NBA Free Agency Game Theory


ESPN recently released its survey of 48 players where it asked them to “look into the crystal basketball for their free-agency predictions on LeBron [James], DeMarcus Cousins and more.”

Asking players not named James and Cousins about what players like James and Cousins may do in free agency is a difficult proposition. For example:

Which player do you think LeBron should pair up with?

  • Giannis Antetokounmpo: 12 percent
  • Chris Paul: 12 percent
  • Dwyane Wade: 12 percent
  • Paul George: 9 percent
  • James Harden: 9 percent
  • Kawhi Leonard: 9 percent
  • Other: 37 percent

Which rumored team should LeBron NOT sign with?

  • Sixers: 31 percent
  • Warriors: 28 percent
  • Lakers: 16 percent
  • Rockets: 16 percent
  • Other: 9 percent
  • Others gaining votes: Clippers, Spurs, Wizards

According to the survey respondents, two of the players that James should pair up with are on the Rockets. Yet, also according to the survey, the Rockets are one of the top teams James should not sign with. It has also been reported that James could be joining George (a player LeBron should pair up with) on the Lakers and yet the Lakers are not a team LeBron should sign with according to the players.

It appears that ESPN is taking a The Wisdom of Crowds approach made famous in the James Surowiecki book of the same name to determining the free agent future. However, these questions potentially have the problem of not having independent observers making judgments that are at the heart of success in crowdsourcing survey responses. More specifically, players have a vested interest in where James and Cousins play in that these players will either be their opponents or their teammates. Combining this with a relatively small sample size (there are close to 450 players on active rosters at any given time) can create these types of statistical problems.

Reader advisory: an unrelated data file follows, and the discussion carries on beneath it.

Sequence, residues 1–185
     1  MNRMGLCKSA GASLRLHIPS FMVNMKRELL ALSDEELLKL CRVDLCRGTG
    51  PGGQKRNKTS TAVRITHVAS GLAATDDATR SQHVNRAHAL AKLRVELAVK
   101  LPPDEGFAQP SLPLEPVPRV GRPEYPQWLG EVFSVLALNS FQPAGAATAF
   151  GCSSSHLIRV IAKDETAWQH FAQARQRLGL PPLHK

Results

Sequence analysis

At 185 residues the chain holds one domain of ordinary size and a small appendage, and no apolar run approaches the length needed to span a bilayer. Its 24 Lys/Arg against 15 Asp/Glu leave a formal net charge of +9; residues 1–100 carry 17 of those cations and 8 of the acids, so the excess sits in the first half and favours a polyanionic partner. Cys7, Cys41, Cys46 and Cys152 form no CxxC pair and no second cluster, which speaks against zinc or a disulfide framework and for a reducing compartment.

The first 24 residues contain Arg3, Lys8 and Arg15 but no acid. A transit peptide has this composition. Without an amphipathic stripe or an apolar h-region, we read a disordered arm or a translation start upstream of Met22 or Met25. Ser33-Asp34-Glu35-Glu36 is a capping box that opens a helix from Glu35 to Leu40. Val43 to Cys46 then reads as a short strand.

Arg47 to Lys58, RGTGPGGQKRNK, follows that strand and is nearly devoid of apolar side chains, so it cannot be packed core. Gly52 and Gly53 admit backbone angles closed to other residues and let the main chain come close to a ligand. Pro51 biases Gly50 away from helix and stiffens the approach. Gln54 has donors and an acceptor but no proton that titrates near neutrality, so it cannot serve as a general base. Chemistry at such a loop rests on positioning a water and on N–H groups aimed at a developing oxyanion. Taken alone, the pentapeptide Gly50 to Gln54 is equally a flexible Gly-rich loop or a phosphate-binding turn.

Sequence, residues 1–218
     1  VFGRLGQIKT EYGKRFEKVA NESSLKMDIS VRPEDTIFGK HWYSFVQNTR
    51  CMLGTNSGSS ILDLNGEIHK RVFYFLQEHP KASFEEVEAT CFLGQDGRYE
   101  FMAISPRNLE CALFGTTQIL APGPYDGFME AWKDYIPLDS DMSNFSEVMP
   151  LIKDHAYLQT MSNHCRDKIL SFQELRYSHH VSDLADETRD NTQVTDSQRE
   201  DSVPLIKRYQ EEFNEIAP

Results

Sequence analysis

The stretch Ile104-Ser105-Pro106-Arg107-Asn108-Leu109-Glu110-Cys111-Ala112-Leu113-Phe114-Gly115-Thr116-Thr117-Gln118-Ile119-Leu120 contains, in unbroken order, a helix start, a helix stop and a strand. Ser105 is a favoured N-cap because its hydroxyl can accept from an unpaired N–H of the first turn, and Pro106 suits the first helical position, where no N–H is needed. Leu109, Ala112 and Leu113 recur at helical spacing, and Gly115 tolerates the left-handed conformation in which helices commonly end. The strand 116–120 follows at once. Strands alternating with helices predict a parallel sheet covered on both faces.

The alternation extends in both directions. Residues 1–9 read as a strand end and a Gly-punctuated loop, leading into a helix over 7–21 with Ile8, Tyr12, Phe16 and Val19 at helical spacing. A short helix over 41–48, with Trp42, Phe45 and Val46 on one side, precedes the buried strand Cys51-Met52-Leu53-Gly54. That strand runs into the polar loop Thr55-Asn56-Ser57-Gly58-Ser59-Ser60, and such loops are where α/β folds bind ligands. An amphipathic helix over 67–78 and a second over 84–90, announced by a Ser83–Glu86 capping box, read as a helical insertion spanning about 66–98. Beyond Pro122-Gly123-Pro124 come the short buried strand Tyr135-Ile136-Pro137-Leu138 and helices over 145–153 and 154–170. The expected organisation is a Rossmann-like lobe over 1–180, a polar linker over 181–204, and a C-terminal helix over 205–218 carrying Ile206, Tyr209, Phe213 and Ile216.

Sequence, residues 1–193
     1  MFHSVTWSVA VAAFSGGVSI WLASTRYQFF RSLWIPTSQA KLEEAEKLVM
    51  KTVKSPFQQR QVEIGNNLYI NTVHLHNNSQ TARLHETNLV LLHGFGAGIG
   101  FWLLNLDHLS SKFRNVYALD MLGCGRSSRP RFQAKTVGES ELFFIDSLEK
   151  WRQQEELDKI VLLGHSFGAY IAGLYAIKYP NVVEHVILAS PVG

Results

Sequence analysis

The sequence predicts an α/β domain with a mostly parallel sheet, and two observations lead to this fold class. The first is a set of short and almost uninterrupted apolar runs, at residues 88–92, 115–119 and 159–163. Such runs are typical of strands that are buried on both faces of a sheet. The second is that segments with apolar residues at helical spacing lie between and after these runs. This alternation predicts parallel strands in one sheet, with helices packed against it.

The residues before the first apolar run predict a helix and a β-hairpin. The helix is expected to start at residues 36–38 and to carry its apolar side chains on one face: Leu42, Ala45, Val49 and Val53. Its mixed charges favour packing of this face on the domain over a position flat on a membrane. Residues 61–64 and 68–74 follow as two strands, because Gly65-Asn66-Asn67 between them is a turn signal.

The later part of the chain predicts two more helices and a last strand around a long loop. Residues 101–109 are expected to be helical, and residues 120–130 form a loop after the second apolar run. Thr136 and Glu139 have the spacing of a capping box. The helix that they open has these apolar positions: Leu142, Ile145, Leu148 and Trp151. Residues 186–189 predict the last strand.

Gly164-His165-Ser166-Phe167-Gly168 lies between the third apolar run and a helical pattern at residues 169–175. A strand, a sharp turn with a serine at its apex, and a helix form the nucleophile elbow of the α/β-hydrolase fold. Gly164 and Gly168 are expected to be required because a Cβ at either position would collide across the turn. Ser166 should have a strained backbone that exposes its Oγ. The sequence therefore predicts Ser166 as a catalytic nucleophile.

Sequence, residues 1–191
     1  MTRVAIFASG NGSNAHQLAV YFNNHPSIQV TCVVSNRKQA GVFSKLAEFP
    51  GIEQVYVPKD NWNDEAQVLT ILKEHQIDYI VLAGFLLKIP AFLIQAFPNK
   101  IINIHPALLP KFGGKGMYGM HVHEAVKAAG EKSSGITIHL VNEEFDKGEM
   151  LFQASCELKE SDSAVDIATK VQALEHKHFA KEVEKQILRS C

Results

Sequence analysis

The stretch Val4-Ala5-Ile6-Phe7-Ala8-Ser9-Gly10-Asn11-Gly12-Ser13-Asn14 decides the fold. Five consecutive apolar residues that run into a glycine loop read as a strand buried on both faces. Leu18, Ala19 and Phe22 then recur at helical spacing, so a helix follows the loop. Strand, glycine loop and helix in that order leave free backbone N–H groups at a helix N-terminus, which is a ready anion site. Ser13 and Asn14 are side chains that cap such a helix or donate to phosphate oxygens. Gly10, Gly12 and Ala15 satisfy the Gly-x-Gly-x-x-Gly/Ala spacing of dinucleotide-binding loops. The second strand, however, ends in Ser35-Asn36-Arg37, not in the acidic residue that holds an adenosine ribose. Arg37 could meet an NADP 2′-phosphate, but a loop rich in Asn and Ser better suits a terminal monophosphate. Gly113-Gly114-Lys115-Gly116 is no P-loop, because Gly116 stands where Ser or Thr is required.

While determining where individual stars will play next season is certainly interesting, it is the “and more” in the last question of the survey that got our attention. In particular, this question likely has the most predicative validity in the survey.

Which team have you heard makes the best free-agent pitches?

  • Celtics: 27 percent
  • Heat: 15 percent
  • Lakers: 12 percent
  • Warriors: 9 percent
  • Other: 37 percent
  • Others gaining votes: Clippers, Grizzlies, Hornets, Knicks, Mavericks, Pacers, Rockets, Spurs, Wizards

Each player in the survey has likely gone through or will go through the free agent process with each free agent potentially prioritizing different items that would factor into the “best” pitch determination. For example, the best pitch could include the team that could provide the most money, the best coach, the best organization, orIf you bring Tom Brady? That's pretty damn cool.